Afghanistan needs to follow God’s law, Shariah law, which is a model system of Islamic life is contained inShariah law. Shariat Law means the straight path, straight way, and the divine law and system for social, economic, political and all aspects of life.  Sharia  law comes from two sources the Holy Quran and the Sunnah. Shariat is best translated the “Right Way of Religion”. Surah 45, Verse 18 of the Holy Quran states, “Then We put thee on the (right) Way Of Religion: so follow Thou that (Way), And follow not the desires Of those who know not.”  Please see the attached peace plan.

It is time that U.S., global and Afghan scholars meet to discuss and analyze the current war approach, which has only escalated war and created more instability. They need to evaluate ways to end the war and bring peace. To date, I believe that  the only advice that the U.S. government has been relying upon  when forming its foreign policy and war strategy for Afghanistan has been from  military think tanks, scholars with former national security , DOD and intelligence backgrounds and careers; basically all war mongers and war profiteers.

For example, the United States has relied upon  advice  from the Kagans, the  RAND corporation, and Afghan Americans like Zalmay Khalizhad, Ehsan Bayat, and former Afghan communists, who are now working for the U.S. Department of State,  Voice of America, CIA and Department of Defense.  I believe these war profiteers will do anything for a dollar, which is the main reason the United States is in such a mess and Afghanistan is a narco-state and so corrupt. 

Any forced-signing of the bilateral security agreement would only escalate the war in Afghanistan and the surrounding region.  I think the war strategy diplomacy needs to change to a peace negotiation strategy with the Afghan Resistance, which is supported by the majority of Afghans.  The current U.S. war approach with its proposed bilateral security agreement is just a formula that perpetuates the continuation of occupation, division, corruption and war. I believe  the bilateral security agreement, which allows permanent  U.S. military bases and troops in Afghanistan,  will not lead to true peace and stability, as the presence of such foreign troops on Afghanistan’s soil only causes more war as evidenced by the past thirteen years.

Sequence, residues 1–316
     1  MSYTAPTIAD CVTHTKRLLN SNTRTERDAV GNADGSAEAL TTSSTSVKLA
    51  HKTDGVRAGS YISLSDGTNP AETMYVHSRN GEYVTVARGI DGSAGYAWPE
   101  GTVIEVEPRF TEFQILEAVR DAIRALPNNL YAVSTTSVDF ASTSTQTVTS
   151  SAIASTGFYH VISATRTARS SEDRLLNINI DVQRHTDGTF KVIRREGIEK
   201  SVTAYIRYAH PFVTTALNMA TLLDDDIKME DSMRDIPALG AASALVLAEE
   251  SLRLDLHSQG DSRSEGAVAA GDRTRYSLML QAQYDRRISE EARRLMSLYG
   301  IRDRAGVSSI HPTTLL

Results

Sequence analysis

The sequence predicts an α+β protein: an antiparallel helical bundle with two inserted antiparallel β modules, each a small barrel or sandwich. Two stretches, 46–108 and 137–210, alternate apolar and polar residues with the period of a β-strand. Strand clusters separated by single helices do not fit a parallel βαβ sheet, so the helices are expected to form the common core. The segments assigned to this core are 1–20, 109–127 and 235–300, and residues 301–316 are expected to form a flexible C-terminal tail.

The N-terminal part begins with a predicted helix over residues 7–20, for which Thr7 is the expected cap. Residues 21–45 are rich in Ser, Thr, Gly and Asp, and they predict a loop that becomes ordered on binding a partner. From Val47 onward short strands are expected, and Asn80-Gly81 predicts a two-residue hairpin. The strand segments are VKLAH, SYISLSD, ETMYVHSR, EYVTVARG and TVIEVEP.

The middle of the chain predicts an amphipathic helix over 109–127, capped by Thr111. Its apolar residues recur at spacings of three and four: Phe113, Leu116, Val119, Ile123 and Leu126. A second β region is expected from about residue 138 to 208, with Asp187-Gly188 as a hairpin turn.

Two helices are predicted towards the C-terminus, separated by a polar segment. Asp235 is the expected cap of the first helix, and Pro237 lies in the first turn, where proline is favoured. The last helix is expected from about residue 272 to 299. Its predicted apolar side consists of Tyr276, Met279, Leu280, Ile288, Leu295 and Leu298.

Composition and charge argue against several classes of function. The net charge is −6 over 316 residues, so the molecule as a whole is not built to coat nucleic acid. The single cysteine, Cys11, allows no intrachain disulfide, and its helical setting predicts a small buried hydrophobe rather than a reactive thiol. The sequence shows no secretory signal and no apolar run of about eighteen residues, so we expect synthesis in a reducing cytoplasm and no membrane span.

Again, I believe it is time for the United States, NATO and UNAMA to leave Afghanistan, they are causing the problems.


Kadir A. Mohmand

Former Representative of the Afghan Freedom Fighters for North America during the 1980s

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War in Afghanistan Most Unpopular in US History?


CNN/ORC International survey finds US public vastly opposes war and wants it to end. Now.

- Sarah Lazare

A U.S. Marine and his translator pictured in Kirta, in remote southwest Afghanistan, March 23, 2009. (Photo: John Moore/Getty Images)American support for the war in Afghanistan has plummeted below that for the wars in Iraq and Vietnam, making this 12-year (and counting) occupation likely the least popular in U.S. history.

So finds a CNN/ORC International poll released Monday, showing that just 17 percent of those surveyed support the war—a significant fall from 52 percent in December 2008. Meanwhile, 82 percent say they oppose the war—a jump from 46 percent in 2008.

“Those numbers show the war in Afghanistan with far less support than other conflicts,”   Polling Director Keating Holland. “Opposition to the Iraq war never got higher than 69% in CNN polling while U.S. troops were in that country, and while the Vietnam War was in progress, no more than six in 10 ever told Gallup’s interviewers that war was a mistake.”

The poll, with a reported margin of error of plus or minus three percent, finds a little over half want U.S. troops withdrawn before President Obama’s publicly stated December 2014 deadline. Only 25 percent say that boots should remain on the ground in Afghanistan past that date.

Despite tanking public support, the Obama administration is pushing for Afghan ratification of the so-called Bilateral Security Agreement, which would extend U.S. military presence far beyond the promised 2014 withdrawal deadline. The pact, which would also grant U.S. troops and contractors immunity under Afghan law and allow continued violent raids of Afghan homes, is currently stalled over Afghan President Hamid Karzai’s refusal to sign it.